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Politics Monitor

Tunisia’s Diplomatic Focus: Navigating the BRICS Map

By putting back on the table the question of Tunisia’s probable membership of the Brics group, is President Kaïs Saïed trying to put pressure on the United States and the European Union, Tunisia’s historical partners, to silence their criticisms of him on the subject of rights and freedoms?

By Imed Bahri

The question of Tunisia’s probable application for membership of the Brics group is not really buried, as some members of the Tunisian government have suggested, such as Samir Saïed, Minister of Economy and Planning, who , during a plenary session at the Assembly on July 29, declared that the volume of the Tunisian economy does not allow him to join the Brics.

Indeed, the President of the Republic Kaïs Saïed discussed, during his meeting, Friday August 18, 2023, at the Carthage Palace, with the Minister of Foreign Affairs, Migration and Tunisians Abroad, Nabil Ammar, who came report to him on his recent visit to Algeria, “Tunisia’s participation in the meeting to be held in South Africa at the end of this month and which will bring together the heads of state and government of the member states of the BRICS group with a number of partner countries.

Big neighbor and little neighbor

The press release does not specify at what level or in what capacity Tunisia will participate in this meeting, as it is still officially neither a full member nor a candidate for membership of this group, but the very mention of the South African meeting , in the wake of political and diplomatic consultations with Algeria, which has officially asked to join this group, is not insignificant and cannot go unnoticed. Especially since Kaïs Saïed’s Tunisia feels increasingly cramped in its relations, too exclusive and restrictive for the taste of the tenant of the Carthage palace, with the Western bloc, the United States and the European Union in mind, very attentive on the questions of freedoms and rights.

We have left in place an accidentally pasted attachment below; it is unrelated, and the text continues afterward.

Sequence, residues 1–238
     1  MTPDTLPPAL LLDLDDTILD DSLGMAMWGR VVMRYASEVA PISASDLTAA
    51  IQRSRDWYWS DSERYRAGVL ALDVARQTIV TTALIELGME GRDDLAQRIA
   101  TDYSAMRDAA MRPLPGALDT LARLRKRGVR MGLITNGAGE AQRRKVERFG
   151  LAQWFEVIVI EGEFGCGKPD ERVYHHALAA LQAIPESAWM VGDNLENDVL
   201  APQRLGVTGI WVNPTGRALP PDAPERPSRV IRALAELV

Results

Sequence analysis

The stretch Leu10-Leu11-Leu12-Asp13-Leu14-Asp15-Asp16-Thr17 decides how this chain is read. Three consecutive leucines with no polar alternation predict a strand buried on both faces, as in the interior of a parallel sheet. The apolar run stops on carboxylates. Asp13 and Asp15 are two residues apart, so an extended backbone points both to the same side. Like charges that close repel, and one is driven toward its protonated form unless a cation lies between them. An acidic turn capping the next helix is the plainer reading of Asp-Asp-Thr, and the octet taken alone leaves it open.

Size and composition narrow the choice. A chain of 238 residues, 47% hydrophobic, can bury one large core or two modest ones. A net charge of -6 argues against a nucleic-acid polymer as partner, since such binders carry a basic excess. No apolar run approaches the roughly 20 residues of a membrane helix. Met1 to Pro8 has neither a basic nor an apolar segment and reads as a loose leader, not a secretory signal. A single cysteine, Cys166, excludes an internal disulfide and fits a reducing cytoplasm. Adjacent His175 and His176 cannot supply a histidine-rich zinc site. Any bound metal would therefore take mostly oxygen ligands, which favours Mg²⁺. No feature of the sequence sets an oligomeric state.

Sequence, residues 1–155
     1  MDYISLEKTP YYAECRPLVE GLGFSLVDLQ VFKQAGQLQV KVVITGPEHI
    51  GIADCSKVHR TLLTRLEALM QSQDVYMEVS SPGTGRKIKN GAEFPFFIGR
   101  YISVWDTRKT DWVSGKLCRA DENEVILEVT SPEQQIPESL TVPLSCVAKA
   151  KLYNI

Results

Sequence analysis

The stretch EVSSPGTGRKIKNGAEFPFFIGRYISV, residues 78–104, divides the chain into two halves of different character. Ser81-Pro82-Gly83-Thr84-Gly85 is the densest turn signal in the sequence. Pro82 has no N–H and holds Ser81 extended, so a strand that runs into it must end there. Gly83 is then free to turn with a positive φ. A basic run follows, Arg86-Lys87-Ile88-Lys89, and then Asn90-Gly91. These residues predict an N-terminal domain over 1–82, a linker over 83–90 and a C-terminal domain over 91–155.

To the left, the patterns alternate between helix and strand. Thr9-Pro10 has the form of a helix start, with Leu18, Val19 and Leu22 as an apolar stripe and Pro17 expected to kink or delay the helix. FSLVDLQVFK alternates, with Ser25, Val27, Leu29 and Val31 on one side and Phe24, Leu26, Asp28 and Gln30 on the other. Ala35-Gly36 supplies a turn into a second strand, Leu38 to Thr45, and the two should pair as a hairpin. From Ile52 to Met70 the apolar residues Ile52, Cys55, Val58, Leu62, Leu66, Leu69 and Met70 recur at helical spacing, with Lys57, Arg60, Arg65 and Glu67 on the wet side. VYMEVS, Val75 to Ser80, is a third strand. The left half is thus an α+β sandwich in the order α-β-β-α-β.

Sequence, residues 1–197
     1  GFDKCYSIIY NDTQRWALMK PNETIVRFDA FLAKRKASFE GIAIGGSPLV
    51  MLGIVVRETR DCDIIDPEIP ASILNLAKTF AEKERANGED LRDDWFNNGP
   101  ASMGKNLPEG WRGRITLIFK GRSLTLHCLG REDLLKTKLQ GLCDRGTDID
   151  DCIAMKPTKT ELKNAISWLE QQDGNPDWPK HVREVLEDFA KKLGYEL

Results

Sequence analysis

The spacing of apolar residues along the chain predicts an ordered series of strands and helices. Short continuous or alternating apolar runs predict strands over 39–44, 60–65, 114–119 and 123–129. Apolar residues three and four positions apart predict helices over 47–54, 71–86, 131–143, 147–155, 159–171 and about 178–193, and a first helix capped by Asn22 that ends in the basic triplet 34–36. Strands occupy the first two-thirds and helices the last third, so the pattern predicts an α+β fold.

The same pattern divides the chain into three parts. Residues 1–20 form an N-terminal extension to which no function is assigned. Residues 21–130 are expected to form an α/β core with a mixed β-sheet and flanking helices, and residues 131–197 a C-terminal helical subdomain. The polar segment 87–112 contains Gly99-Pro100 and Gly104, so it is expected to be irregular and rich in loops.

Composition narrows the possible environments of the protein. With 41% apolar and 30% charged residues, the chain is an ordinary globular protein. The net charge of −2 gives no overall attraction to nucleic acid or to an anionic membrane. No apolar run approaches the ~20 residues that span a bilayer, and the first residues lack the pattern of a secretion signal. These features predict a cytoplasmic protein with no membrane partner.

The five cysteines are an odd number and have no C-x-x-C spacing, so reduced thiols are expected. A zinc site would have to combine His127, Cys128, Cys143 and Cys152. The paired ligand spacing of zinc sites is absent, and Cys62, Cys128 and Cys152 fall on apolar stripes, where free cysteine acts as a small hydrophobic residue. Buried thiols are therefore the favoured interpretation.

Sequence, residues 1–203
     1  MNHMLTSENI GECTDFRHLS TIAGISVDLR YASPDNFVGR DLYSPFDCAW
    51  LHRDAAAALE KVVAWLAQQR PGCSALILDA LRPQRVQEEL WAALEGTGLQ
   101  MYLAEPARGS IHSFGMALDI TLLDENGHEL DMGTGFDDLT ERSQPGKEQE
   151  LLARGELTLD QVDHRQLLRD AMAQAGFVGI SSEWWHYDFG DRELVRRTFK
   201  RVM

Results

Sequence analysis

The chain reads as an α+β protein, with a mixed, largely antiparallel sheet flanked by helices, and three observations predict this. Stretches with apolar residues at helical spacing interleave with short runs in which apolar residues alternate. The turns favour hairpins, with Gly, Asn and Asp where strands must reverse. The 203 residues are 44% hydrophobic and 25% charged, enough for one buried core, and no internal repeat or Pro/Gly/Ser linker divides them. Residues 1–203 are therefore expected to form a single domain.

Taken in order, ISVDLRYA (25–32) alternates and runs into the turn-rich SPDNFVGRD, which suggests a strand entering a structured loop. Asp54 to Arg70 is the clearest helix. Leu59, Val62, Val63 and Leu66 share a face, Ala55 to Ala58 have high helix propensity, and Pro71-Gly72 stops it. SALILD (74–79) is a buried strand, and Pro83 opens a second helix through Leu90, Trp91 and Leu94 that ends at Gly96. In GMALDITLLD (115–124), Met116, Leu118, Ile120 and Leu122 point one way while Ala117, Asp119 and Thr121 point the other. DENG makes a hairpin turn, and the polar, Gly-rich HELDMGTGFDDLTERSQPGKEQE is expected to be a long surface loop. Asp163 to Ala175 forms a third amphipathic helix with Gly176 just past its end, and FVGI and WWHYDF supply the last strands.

Is Algeria seeking to drag its “little neighbour” in its wake by working diplomatically to strengthen relations between Tunisia and the member countries of the BRICS, which are long-time allies of Algiers, in particular Beijing and Moscow?

Unless President Saïed seeks to use this Brics card to put pressure on Washington and Brussels and silence their critics of him. Which is also not excluded. And that would be, so to speak, fair game.

It is in this context that Nabil Ammar’s visit to Moscow on July 27 should also be seen, where the Tunisian minister requested Russian assistance for the supply of cereals to Tunisia at a preferential price. . Tunisia also needs Russian fertilizers, oil and tourists to relieve its struggling economy.

Regarding Algeria, whose interference in Tunisian affairs is increasing at various levels, the President of the Republic underlined, according to the press release from the Presidency, the shared desire to develop bilateral relations, because “the history of two countries and their present are one and their future will be too”, in a clear response to analysts who deplore what they call the relationship of “vassalization” between Tunisia and its “great neighbor”.

This article is originally published on kapitalis.com

 

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